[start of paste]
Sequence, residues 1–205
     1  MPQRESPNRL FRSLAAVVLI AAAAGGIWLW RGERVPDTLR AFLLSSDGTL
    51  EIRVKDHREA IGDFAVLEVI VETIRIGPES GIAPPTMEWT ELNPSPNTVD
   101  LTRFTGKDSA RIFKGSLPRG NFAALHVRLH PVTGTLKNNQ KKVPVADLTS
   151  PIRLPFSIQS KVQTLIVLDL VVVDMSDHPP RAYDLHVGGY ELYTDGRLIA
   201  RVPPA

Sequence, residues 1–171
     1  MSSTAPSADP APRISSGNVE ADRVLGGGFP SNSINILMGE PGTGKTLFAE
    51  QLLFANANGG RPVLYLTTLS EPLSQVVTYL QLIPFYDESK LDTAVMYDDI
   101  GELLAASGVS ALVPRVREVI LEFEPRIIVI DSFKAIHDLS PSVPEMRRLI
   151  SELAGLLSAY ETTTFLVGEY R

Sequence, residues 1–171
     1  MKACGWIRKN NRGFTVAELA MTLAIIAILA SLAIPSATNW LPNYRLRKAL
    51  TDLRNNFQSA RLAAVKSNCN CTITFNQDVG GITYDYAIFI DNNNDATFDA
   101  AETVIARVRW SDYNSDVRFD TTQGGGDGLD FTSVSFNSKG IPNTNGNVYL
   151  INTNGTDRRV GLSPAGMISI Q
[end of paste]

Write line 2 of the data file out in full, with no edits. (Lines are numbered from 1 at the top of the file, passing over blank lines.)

     1  MPQRESPNRL FRSLAAVVLI AAAAGGIWLW RGERVPDTLR AFLLSSDGTL